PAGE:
This summer, the governors of New Mexico and Colorado got into a fight on Twitter. Words were had. Umbrage was taken. But the fight wasn’t about tax incentives, or highway funding, or water rights. Instead, it all boiled down to this: Colorado’s governor had the gall to insult New Mexico’s pride and joy: its chili peppers.
In New Mexico, chili peppers are everywhere. Ristras of dried chilis hang from every doorway. They are featured prominently on license plates. Chili pepper cheeseburgers are part of the standard menu at McDonald’s. And New Mexico remains the only state in Union with an official state question: Red or green? New Mexicans even spell the word “chili” differently from the United States, opting for the Spanish spelling — “chile.”
June Rutherford was crowned the Chile Queen of New Mexico at 95 years old. June has been in the business since she was a little girl when her father carried her around the fields in a pepper sack. There’s even a chili pepper variety named after her. “Our chili has a better taste than anywhere else,” claims June, “And I’m not bragging. There’s nobody. Texas, Arizona, California, and even Colorado can’t beat us. They can’t beat us. We have something that nobody’s got.”
The Pride of New Mexico In Peril
There’s no secret ingredient to New Mexico’s chili peppers, unless you count tradition. New Mexicans like June have been growing their own varieties for over a century, mostly on small family farms that have remained dedicated to this one beloved crop for generations. But despite these growers’ pride in their peppers, all is not well in the New Mexico chili scene. New Mexico’s chili may be the best in the world, but the chili business is in trouble.
In 1997, New Mexico farmers planted over 30,000 acres of chilis. Last year, there were only 8,400. So while they’ll defend their chili to the death on social media and in the news, many New Mexico chili farmers are beginning to openly wonder what the future of chili actually is in the state.
Glen Duggins runs a chili farm called Five Star Chile in Socorro, New Mexico. He says that every year, things get a little more bleak for the business. It’s not that nobody wants to buy chili, nation-wide demand for chili peppers is at an all-time high. And yet, the economics of being a chili farmer just aren’t working out. “It’s been wild this year,” explains Duggins, “It was bad weather. But it’s more than that it’s… like the perfect storm came together. We had bad weather, you have fewer farmers, […] fewer acres.” To make matters worse, chili grown in Mexico is often trucked over the border, labeled as New Mexico chili and sold for far cheaper than the farmers in the state can compete with. But Duggins says there is one thing in particular that has him — and other chili farmers — especially worried.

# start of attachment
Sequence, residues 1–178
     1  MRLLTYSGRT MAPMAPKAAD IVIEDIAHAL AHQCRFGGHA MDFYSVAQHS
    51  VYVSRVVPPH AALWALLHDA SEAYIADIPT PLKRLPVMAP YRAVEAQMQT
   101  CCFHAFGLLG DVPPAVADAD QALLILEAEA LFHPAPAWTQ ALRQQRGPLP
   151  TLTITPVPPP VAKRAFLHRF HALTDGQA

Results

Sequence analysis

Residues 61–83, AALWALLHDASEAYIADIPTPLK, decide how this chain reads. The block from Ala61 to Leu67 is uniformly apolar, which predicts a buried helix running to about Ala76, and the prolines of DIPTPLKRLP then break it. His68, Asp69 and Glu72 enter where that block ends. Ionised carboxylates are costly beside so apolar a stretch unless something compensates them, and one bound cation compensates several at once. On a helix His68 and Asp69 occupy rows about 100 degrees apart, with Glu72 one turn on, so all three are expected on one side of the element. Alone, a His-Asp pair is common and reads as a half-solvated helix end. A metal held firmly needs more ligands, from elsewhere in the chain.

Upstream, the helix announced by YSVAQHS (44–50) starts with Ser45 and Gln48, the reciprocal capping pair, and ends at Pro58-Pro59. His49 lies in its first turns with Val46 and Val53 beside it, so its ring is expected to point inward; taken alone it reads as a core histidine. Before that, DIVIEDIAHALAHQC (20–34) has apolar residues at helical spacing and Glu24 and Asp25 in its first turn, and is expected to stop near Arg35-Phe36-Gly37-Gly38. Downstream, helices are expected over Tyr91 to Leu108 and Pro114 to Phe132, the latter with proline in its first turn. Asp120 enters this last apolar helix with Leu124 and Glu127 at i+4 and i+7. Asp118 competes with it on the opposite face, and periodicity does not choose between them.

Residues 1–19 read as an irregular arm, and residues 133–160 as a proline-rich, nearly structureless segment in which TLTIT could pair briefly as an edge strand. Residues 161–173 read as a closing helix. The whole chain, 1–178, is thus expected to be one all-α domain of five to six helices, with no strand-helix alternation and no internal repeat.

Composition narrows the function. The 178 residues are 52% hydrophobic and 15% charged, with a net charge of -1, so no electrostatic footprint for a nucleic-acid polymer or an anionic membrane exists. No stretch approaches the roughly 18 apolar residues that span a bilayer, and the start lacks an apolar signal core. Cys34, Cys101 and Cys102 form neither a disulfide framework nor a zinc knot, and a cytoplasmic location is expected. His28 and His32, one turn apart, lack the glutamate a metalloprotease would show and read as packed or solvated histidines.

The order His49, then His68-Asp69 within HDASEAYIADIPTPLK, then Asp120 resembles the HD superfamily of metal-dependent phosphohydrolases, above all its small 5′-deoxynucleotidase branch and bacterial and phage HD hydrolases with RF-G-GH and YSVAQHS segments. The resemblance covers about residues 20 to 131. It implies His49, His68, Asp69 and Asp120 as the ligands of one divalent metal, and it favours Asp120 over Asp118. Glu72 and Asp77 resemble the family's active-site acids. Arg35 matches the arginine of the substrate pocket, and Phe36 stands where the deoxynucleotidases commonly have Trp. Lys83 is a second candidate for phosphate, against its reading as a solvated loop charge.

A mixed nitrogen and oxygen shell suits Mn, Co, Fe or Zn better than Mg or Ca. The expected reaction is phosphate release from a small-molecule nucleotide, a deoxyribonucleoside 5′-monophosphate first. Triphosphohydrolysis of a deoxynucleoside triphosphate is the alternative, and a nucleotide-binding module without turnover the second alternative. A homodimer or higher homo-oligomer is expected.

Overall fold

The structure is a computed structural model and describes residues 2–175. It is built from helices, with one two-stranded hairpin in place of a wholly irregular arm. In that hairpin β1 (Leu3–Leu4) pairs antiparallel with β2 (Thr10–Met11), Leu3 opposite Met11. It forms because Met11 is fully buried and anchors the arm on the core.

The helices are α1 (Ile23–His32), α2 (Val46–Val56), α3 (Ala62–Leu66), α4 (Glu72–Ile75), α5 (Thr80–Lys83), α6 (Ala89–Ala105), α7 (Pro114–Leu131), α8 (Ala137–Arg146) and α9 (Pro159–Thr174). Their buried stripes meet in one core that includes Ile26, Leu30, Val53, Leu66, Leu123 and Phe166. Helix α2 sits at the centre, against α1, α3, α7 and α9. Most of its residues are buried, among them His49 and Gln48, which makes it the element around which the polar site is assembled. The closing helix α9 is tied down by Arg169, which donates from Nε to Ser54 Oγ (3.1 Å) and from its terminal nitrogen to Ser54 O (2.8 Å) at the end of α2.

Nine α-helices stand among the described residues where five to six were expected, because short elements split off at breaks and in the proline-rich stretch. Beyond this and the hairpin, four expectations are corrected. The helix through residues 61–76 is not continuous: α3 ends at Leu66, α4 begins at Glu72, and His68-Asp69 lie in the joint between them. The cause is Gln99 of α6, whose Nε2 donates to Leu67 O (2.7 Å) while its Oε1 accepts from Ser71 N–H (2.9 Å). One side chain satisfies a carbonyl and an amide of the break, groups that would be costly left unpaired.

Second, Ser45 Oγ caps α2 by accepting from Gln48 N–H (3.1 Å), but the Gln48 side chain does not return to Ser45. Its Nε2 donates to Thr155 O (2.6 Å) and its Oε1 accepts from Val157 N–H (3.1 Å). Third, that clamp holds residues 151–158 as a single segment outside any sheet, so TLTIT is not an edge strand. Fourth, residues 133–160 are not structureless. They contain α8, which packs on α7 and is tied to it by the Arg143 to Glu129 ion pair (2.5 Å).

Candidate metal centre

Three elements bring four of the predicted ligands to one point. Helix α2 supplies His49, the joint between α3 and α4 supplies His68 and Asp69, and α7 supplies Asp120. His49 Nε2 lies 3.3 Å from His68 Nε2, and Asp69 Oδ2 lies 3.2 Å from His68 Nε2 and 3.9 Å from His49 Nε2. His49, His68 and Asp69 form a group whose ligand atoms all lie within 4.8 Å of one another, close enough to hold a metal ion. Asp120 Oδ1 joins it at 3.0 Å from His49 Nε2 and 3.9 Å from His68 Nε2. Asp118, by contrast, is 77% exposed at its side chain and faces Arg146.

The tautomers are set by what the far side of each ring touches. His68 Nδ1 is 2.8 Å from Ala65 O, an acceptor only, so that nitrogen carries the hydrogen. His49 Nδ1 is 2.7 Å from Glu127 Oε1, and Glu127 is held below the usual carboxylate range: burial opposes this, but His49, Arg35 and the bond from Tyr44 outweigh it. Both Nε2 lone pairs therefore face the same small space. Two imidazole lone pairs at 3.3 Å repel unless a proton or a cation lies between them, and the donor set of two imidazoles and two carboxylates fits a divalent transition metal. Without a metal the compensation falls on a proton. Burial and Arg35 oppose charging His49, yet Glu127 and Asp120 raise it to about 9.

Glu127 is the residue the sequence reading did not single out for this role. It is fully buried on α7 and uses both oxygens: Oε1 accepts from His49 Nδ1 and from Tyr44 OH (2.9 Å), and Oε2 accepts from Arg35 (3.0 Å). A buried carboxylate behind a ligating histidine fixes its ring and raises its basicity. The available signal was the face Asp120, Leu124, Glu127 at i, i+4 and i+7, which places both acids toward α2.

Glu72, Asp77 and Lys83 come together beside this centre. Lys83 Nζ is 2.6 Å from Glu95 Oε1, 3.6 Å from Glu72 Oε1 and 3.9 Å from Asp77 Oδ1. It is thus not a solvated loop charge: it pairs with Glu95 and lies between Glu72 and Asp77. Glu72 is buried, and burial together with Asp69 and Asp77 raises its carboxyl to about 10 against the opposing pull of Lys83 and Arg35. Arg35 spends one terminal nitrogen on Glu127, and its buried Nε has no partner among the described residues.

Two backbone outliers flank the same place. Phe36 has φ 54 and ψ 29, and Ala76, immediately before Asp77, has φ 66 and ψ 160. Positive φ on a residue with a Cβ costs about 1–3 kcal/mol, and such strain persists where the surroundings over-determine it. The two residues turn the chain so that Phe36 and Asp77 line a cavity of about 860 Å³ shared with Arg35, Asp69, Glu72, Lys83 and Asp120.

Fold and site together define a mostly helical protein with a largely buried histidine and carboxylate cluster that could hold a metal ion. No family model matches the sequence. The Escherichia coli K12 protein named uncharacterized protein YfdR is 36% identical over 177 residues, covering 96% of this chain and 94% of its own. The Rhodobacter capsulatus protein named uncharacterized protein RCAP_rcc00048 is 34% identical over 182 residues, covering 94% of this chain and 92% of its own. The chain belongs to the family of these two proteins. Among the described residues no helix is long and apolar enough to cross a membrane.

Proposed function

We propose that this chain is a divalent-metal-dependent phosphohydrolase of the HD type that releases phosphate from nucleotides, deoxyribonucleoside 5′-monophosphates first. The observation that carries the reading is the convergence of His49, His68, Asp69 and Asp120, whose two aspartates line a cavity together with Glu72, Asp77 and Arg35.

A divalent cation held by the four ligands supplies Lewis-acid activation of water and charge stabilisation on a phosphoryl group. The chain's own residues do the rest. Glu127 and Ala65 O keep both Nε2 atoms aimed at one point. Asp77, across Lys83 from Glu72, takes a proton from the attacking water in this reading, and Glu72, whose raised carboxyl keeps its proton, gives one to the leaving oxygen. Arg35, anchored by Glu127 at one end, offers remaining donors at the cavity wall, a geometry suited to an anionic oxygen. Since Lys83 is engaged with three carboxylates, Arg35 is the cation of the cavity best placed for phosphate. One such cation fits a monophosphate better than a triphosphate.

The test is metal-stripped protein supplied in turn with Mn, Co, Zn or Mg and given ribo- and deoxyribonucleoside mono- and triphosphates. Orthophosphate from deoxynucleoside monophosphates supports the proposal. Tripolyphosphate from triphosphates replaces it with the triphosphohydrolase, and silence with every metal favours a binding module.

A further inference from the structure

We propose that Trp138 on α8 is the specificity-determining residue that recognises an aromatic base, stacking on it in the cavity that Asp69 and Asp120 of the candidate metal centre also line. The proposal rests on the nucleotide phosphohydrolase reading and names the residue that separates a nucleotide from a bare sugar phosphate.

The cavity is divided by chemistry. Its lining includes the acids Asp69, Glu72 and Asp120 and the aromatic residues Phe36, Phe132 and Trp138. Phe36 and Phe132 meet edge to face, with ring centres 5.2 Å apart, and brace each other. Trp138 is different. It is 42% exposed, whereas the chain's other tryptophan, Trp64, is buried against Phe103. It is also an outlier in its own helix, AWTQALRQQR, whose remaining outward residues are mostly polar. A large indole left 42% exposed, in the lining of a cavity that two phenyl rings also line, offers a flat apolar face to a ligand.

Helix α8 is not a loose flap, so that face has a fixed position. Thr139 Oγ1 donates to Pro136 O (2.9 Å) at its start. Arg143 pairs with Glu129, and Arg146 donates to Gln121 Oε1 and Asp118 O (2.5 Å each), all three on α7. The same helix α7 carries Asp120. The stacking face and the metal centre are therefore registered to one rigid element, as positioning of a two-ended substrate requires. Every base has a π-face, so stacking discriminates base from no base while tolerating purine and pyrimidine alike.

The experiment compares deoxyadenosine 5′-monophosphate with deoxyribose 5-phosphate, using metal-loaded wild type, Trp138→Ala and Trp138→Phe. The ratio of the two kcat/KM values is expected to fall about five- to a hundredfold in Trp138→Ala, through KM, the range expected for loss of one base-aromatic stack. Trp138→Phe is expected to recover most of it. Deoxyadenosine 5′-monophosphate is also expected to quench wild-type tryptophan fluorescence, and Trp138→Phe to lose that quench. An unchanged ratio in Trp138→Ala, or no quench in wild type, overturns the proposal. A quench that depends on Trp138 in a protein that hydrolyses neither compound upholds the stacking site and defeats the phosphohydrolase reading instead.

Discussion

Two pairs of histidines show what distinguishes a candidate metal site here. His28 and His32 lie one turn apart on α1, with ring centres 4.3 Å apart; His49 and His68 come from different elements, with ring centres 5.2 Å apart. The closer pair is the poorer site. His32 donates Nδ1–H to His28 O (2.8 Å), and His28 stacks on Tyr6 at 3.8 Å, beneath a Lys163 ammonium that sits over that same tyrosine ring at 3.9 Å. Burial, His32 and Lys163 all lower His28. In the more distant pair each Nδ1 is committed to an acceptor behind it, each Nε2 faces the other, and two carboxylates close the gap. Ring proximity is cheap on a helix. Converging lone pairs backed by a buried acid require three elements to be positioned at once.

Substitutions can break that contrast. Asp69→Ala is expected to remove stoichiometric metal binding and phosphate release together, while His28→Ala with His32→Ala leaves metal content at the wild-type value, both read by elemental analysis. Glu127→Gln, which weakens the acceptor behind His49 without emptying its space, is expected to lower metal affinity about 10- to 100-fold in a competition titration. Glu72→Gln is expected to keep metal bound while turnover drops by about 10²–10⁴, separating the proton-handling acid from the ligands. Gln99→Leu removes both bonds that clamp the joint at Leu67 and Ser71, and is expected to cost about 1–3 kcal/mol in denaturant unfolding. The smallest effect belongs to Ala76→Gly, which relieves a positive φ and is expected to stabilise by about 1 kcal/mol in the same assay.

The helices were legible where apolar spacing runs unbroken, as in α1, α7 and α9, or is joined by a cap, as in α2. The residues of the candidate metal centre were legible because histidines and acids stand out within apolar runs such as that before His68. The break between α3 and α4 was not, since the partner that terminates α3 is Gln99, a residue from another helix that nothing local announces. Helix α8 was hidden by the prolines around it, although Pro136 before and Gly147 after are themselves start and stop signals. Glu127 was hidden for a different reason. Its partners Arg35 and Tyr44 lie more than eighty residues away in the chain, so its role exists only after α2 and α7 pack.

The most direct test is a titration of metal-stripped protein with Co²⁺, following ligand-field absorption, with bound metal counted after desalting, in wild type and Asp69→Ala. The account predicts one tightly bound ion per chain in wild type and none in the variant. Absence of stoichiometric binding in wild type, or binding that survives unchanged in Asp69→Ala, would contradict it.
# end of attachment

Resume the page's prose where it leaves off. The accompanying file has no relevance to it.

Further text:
Chili farmers are used to bad weather, to competition, but they still have a problem. There just aren’t enough workers to pick the peppers. This September, Duggins had eight workers in the field picking chilis, but he says on a good year in the past, he would have had 30, mostly from Mexico.
And it’s not just Duggins, and it’s not just the chili industry. Farms across the United States are reporting shortages of labor. Since 2002, the number of immigrants coming into the United States to work in agriculture has dropped by 75 percent. In California, one survey found that 56 percent of farmers were unable to hire enough workers.
Sarah Taber is a crop scientist based in Fayetteville, North Carolina, and she says the great recession scrambled the familiar labor paradigm, in which migrant workers would arrive in the US looking for work on farms. Increasingly, potential foreign workers are staying put in their home countries to work in places like call centers. And Sarah points out that the children of immigrants who came to the US and went into agriculture are not following suit.
Picking chili peppers can be especially grueling work even compared to other crops. Chili plants grow low to the ground, so workers have to hunch over in the hot sun to get them. And they have to wear gloves to protect their hands from the pepper’s oils. So most workers are skipping chili harvests in favor of other sources of income. As a result, small family farms like Duggins’s have been planting less and less chili every year in favor of other less labor intensive crops.
An obvious question to ask is why don’t chili farmers just automate the whole process? After all, it wouldn’t be the first time a machine has replaced human hands in the field. Especially, as Sarah Taber points out, in a country with abundant land and scarce labor: “It’s always been very easy if you are a white person in the United States to get your own land and as a result… you could get way more land than you could actually work yourself pretty easily. So then what do you do with it?”
In the south, landowners cultivated more land than they could on their own through the use of slavery. After slavery was outlawed, the same landowners increasingly rented their land out on unfair terms to sharecroppers and, in the north, to tenant farmers, who would harvest things like grain.